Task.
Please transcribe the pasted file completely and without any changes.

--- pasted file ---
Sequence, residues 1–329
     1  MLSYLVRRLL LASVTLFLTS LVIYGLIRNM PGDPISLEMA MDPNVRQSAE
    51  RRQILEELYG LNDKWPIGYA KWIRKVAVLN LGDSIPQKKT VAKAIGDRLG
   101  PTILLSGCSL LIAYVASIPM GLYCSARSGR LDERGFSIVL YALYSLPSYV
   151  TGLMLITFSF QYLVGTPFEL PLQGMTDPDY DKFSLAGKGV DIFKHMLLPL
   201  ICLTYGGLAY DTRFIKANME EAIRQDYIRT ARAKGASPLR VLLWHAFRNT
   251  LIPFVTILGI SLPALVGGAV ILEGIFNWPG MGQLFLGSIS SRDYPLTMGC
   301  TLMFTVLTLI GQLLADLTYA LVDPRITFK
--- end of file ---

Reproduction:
Sequence, residues 1–329
     1  MLSYLVRRLL LASVTLFLTS LVIYGLIRNM PGDPISLEMA MDPNVRQSAE
    51  RRQILEELYG LNDKWPIGYA KWIRKVAVLN LGDSIPQKKT VAKAIGDRLG
   101  PTILLSGCSL LIAYVASIPM GLYCSARSGR LDERGFSIVL YALYSLPSYV
   151  TGLMLITFSF QYLVGTPFEL PLQGMTDPDY DKFSLAGKGV DIFKHMLLPL
   201  ICLTYGGLAY DTRFIKANME EAIRQDYIRT ARAKGASPLR VLLWHAFRNT
   251  LIPFVTILGI SLPALVGGAV ILEGIFNWPG MGQLFLGSIS SRDYPLTMGC
   301  TLMFTVLTLI GQLLADLTYA LVDPRITFK